Next rescues Joules from administration


Joules called in administrators last month, putting 1,600 jobs and the future of its 132 shops at riskIn a £41 million transaction, Next has partnered with the creator of the defunct fashion retailer Joules to save it from administration, preserving approximately 100 stores and 1,450 jobs.

According to sources, Next made a last-minute offer early on Thursday morning that beat out one made by the South African company Foschini Group, which owns Hobbs and Whistles.

It is also believed that Marks & Spencer and Mike Ashley’s Frasers Group are interested in Joules, a brand best known for its jackets and patterned wellington boots.

The bulk of employment, including those at the corporate headquarters, will remain at the about 100 Joules locations that Next planned to manage going forward, while 24 stores will close, resulting in the loss of nearly 130 jobs. On Thursday, 19 of the stores will be closed by administrators from Interpath Advisory.

Joules called in administrators last month, putting 1,600 jobs and the future of its 132 shops at risk

After failing to acquire emergency funds, Joules called in administrators last month, endangering 1,600 employment and the viability of its 132 stores. Retail restructuring experts Interpath Advisory claimed they would “evaluate possibilities for the business,” stores have continued to operate.

“Following a highly competitive process, we are thrilled to have achieved this transaction which guarantees the future of this great British brand, as well as safeguarding a considerable number of jobs,” said Will Wright, head of restructuring at Interpath Advisory and joint administrator.

Joules has struggled with declining sales for months. The company has blamed the slowdown in business on the rising cost of living and the UK’s dry and hot summer, which lowered demand for their upmarket wellies.

In the last 12 months, the value of Joules shares fell by 95% to 9.22p, at which point trading was halted and administrators were appointed. The company’s market worth at that pricing was £10.3 million, or around a fourth of what it was when it debuted on London’s Aim junior stock market in 2016.

In 1989, Joule established the business and began selling branded apparel and accessories at outdoor events. He produced his own brand of pink wellington boots, which were promptly sold out, after realising the rural set preferred vibrant clothing than dowdy tweeds.

Administrators from Interpath Advisory to close shops

The Joules website will progressively be connected to Next’s Total Platform business, which currently offers services for popular companies like Gap and Victoria’s Secret for whom Next has the UK rights.

The CEO of Next, Simon Wolfson, stated: “We are delighted to see what can be accomplished through the marriage of Joules’ great product, marketing, and brand-building skills with Next’s Total Platform infrastructure.”

According to Next, it has acquired the majority of the assets of the store, including paying £7 million for Joules’ headquarters in Market Harborough. The retailer’s founder, Tom Joule, will retain a 26% ownership position.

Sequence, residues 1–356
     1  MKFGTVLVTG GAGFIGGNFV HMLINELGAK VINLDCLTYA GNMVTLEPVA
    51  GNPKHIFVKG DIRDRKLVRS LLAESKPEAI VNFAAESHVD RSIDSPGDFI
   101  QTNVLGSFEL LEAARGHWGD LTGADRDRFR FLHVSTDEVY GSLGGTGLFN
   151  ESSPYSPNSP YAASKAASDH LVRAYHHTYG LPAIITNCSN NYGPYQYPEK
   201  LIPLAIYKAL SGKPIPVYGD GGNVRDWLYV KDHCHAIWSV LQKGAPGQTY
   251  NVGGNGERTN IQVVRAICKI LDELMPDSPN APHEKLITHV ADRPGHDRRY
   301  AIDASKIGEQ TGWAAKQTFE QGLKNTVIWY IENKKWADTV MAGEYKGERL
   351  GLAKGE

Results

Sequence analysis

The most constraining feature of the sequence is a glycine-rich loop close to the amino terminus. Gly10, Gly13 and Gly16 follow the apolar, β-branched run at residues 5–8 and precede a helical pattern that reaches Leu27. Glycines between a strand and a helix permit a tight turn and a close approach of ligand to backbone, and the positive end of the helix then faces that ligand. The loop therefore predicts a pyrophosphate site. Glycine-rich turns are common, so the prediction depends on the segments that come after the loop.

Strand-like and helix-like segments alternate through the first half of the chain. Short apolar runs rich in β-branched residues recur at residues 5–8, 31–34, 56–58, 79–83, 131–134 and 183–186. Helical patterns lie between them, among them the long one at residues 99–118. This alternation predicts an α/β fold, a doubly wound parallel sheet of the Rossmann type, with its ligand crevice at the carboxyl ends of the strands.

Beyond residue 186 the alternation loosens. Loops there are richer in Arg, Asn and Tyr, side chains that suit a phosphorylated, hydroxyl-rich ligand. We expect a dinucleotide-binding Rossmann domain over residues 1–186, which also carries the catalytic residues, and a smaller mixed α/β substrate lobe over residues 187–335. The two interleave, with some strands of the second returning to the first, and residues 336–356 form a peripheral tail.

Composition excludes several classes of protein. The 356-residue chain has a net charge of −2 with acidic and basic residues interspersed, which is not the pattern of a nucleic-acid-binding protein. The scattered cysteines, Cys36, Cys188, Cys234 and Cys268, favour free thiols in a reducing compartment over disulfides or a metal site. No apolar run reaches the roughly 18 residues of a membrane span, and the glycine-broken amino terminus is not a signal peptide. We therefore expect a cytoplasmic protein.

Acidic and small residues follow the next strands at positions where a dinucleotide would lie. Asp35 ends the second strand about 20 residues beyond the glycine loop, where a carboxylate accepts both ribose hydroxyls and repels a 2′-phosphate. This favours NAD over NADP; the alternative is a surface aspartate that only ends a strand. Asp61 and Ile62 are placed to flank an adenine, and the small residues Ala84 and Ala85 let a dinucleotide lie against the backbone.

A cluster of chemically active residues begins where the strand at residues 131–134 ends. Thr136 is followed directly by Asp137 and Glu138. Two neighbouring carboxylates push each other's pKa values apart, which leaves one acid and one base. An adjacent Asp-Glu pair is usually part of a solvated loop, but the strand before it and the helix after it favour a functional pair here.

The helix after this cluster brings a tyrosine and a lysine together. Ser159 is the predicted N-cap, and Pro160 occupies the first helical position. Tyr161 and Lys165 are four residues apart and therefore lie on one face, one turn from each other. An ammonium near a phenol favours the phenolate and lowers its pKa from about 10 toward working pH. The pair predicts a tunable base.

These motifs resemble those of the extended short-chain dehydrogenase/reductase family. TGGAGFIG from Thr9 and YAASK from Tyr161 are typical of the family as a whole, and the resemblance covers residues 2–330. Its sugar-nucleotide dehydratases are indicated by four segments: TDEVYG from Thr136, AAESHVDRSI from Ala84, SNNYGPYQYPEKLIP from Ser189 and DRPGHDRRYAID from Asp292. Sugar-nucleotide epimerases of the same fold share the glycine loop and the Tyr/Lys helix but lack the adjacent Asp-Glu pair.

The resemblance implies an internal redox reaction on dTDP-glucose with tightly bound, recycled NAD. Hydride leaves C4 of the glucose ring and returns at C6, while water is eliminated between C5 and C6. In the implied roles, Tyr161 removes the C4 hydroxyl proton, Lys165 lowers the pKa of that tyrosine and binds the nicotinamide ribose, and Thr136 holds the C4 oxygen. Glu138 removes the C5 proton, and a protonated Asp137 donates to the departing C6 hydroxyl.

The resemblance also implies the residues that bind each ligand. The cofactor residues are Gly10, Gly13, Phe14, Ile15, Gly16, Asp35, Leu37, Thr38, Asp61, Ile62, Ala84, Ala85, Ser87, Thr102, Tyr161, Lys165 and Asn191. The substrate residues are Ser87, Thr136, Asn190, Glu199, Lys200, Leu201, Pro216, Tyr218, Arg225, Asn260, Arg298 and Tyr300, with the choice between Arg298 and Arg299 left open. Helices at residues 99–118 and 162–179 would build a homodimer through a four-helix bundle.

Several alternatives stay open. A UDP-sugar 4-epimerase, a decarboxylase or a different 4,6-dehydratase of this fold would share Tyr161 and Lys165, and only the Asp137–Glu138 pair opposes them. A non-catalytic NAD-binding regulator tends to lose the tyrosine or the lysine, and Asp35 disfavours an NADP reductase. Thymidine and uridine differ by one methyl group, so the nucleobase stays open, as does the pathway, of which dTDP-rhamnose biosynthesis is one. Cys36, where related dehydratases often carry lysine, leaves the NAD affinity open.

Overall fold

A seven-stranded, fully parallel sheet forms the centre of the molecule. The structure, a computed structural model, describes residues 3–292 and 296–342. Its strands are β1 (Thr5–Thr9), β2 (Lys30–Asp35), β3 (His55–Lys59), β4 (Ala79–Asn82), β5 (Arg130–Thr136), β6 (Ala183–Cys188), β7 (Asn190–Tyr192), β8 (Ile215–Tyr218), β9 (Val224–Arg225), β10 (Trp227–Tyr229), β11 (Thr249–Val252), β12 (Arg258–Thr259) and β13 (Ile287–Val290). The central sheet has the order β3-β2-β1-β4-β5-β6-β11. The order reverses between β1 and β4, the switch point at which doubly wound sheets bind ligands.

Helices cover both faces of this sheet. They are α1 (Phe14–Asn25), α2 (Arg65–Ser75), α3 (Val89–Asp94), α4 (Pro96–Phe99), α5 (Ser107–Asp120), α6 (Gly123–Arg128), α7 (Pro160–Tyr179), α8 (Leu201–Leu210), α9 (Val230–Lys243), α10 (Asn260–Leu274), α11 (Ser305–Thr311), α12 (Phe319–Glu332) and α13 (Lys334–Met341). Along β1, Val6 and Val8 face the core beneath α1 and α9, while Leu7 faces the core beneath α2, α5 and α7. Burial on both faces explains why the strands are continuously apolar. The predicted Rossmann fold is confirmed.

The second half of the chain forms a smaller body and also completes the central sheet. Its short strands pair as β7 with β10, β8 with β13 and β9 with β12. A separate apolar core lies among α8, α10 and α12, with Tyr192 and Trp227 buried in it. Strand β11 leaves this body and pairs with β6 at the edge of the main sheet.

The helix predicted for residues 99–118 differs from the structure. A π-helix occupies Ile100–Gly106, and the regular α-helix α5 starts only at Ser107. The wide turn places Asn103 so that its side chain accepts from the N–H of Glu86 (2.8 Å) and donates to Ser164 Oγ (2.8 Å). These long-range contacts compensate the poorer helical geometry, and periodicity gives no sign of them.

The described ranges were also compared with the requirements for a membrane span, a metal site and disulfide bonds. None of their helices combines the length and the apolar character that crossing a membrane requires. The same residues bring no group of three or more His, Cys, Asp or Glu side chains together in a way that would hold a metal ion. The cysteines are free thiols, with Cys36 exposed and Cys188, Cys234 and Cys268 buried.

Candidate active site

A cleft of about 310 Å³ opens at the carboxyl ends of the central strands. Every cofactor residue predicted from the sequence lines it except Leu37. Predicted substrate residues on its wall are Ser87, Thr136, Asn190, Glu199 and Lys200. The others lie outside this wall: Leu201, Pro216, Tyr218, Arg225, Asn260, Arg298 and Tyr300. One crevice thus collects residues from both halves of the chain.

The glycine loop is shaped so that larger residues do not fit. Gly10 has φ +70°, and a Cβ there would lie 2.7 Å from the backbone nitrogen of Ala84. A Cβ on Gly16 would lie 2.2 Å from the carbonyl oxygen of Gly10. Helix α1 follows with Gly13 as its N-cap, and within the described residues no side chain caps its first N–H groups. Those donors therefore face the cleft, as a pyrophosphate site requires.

The corporation must now “live up to the high standards [its customers] desire in design, quality, and [service],” according to Tom Joule.

He stated, “I’m really looking forward to motivating teams with clear direction to spark and recapture the customer’s imagination again.

“I’m very happy that we were able to reach an agreement that safeguards the company’s future for all of its devoted customers, workers, and the municipality of Market Harborough, which have all played such an important role in Joules’ success.”

On Thursday, the 19 Joules locations will permanently close.

  • Carmarthen
  • Cheltenham
  • Chichester
  • Edinburgh
  • Exeter
  • Gateshead
  • Lyme Regis
  • Newbury
  • Northcote Road, south London
  • Oxford
  • Peak Village, Derbyshire
  • Peterborough
  • Reigate
  • Salcombe Fore Street
  • Sherborne
  • Southwold Little Joule
  • St Davids
  • Waterloo station, London
  • Watford

Cost of living

The most recent brand to be acquired by Next following issues is Joules. After entered administration last month, Next acquired the name, website, and intellectual property of the furniture store.

As part of a deal that saw the rest of the company purchased by a group of financing firms in April, Next acquired a 44% share in the baby products retailer JoJo Maman Bebe.

As living expenses rise, there are worries that other retailers may also face difficulties. High Street behemoth Marks and Spencer has issued a warning about a “gathering storm” of rising company costs and pressure on consumer finances, saying that “all sectors” of retail will be impacted.

Read more: Traidcraft falls into administration

Steve Jones Profile
Insolvency & Restructuring Expert at Business Insolvency Helpline

With over three decades of experience in the business and turnaround sector, Steve Jones is one of the founders of Business Insolvency Helpline. With specialist knowledge of Insolvency, Liquidations, Administration, Pre-packs, CVA, MVL, Restructuring Advice and Company investment.